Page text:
Heather lives and works at the beach in Southern California. Her work is created with one of the oldest mediums still in use today called encaustic which is made of beeswax, damar resin and pigment. Encaustic is a Greek word meaning “to heat or burn in” (enkaustikos) and can be traced back to portraits painted in 100-300 A.D. by Greek painters in Egypt.
Heat is used throughout the process, from melting the beeswax to fusing the layers of wax. Working with molten wax and a torch she creates pieces that have depth and movement which are inspired by her surroundings at the beach and her past as a professional dancer. Heather went to the University of Southern California for her BFA but discovered her passion for encaustic at Otis College for Art and Design.
Her privately owned works are in Japan, China, Italy, France, Australia, New Zealand, Canada, England, and throughout the United States.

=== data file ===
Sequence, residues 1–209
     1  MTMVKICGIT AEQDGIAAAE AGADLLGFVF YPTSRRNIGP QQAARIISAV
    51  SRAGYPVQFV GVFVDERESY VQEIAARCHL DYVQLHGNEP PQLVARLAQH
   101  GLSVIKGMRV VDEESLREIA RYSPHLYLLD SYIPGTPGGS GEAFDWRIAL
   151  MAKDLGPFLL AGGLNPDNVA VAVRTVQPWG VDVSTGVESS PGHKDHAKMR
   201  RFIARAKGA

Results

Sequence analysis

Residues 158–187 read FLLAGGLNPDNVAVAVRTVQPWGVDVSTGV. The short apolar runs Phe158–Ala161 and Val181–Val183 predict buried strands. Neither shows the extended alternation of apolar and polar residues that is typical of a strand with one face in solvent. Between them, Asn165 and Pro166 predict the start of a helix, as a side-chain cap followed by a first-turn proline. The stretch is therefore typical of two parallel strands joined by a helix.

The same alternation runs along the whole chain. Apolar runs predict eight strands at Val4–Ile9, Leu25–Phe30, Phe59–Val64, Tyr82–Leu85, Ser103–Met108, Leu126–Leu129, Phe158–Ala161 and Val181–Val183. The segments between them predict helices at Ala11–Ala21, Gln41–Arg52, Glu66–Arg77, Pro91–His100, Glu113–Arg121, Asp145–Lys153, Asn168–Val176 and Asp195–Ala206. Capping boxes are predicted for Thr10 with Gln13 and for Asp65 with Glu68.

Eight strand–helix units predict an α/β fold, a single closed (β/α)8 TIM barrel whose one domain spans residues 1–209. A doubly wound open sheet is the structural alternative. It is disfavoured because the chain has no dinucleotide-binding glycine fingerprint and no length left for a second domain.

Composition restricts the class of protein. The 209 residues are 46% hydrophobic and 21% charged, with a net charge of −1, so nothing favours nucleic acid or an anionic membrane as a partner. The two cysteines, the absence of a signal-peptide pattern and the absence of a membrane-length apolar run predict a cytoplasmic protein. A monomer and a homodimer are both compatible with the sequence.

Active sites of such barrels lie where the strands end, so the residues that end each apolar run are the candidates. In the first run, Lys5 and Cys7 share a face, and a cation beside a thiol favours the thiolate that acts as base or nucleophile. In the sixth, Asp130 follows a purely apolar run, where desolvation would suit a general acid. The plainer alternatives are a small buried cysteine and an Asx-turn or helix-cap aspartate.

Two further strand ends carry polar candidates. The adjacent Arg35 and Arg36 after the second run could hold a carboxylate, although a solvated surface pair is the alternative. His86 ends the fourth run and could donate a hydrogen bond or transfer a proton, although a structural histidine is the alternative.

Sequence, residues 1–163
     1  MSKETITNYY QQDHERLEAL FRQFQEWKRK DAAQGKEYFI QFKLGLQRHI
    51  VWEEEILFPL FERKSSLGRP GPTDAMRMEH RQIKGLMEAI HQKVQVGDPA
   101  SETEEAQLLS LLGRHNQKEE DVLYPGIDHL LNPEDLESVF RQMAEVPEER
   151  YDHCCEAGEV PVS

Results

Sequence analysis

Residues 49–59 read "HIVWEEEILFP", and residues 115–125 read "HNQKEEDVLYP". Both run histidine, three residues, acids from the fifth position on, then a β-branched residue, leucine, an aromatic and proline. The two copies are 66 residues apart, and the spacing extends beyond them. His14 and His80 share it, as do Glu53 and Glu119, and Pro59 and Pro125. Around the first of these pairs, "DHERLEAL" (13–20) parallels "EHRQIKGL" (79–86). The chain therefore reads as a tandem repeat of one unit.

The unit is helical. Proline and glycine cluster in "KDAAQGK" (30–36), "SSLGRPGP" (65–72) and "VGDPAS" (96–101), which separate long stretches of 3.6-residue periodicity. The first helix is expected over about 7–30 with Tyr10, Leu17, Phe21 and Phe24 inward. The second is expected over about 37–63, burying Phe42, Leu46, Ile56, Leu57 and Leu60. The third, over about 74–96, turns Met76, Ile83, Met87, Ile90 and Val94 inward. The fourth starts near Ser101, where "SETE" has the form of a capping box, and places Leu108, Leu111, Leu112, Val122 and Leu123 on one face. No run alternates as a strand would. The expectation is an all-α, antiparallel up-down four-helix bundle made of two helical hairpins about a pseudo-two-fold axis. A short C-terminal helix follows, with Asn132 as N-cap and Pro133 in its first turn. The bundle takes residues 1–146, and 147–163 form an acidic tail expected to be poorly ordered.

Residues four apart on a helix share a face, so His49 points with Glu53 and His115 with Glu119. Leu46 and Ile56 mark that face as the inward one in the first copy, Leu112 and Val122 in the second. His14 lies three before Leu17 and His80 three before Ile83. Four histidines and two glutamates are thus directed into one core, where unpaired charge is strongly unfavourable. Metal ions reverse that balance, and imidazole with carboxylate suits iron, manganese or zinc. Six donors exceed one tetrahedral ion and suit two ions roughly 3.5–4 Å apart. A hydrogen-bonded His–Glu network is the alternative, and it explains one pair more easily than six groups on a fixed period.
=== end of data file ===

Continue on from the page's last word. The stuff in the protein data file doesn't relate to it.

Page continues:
Statement: My work is very intuitive by nature and painting with encaustic allows me to explore this even more. As I work, I build up and fuse layer upon layer of molten wax. As it begins to harden, I scrape, tear, carve into, mold and burn down these layers to reveal underlying compositions that are excavated by this tactual process. There is something about encaustic that entices me completely. I love the depth, supple feel and sculptural qualities of encaustic. Not to mention that I am painting with a blow torch! The process is utterly captivating. There are so many possibilities with encaustic and so much more to explore.